Summer Documentary Program Alumni Profiles

In celebration of all the emerging media producers from ten years of our Summer Documentary Program, and in an effort to continue to share stories of social change, MISC is excited to profile our alumni and the inspiring work they're up to around the country. This week we're proud to introduce Eli Plenk, a graduate of Hampshire College working toward restorative justice in Massachusetts.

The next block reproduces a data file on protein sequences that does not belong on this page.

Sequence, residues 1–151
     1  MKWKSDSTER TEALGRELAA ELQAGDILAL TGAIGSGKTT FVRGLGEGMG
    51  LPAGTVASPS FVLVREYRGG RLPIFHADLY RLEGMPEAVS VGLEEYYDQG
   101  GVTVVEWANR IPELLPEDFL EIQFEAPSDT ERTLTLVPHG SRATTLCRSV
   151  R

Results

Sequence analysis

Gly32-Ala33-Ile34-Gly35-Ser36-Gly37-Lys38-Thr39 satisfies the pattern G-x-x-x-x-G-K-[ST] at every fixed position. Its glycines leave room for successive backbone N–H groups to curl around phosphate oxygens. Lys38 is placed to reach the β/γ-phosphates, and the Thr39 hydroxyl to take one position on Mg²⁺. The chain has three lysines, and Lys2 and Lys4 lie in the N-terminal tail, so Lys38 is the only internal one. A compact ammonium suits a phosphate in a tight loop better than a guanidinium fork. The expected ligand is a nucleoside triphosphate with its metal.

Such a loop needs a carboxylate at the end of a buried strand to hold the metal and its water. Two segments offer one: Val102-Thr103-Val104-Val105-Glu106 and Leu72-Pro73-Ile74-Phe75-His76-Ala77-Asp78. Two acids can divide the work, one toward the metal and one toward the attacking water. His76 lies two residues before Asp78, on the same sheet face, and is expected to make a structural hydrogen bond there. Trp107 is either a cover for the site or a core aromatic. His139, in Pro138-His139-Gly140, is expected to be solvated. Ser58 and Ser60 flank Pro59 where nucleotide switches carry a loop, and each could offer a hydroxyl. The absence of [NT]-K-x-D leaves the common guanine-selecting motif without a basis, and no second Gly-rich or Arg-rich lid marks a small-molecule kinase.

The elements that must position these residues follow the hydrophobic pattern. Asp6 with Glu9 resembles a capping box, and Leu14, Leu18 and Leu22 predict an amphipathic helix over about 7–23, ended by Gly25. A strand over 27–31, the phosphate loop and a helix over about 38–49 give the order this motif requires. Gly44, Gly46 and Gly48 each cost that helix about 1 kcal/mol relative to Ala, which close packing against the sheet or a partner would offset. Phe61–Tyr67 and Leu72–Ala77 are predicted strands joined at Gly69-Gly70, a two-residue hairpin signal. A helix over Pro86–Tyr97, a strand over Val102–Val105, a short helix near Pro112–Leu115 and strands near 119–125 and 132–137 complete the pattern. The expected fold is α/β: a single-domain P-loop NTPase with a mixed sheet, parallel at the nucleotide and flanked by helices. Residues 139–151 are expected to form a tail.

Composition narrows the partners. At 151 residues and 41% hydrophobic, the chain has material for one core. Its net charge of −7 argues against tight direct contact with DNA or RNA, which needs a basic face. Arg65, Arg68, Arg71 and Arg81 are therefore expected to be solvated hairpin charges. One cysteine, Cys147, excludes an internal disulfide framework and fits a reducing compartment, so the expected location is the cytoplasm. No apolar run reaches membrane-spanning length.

I serve as Program Manager for Our Restorative Justice; a nonprofit in Lowell, MA that works with school, courts and communities to implement alternative approaches to justice that disrupt the school-to-prison pipeline. The role is a sort of catch-all job that involves a fair amount of on-the-ground work with criminal justice involved youth as well as more structural and strategic work for the organization. The on-the-ground part of my job involves shepherding young people through a restorative justice diversion program, which is an alternative to regular court in Lowell. Our model centers on the belief that those closest to a case are the ones most qualified to resolve it and as a result our work is really about bringing together important people in a young person's life and coalescing a system of support around that kid. We work with young people for at least six months, and over that time meet regularly with them and their family and facilitate a series of restorative circles. In circle folks collectively problem solve, with the goal of healing harm and addressing the root causes of the young person's criminal justice system involvement. Beyond that work I'm also working to expand the organization's reach; both topically and geographically. We're building a restorative justice program in Boston and recently began taking status offense cases. As far as we know we're the first organization to ever design a restorative justice model for status offenses, which is incredibly exciting given how many young people end up endlessly system-involved as a result of those cases. I like this work because I think restorative justice is a viable alternative to mass incarceration that addresses harm without resorting to retribution. It does a good job of actually dealing with the things that lead young people into the system and as a result it feels much more sustainable than our country's traditional approach to justice.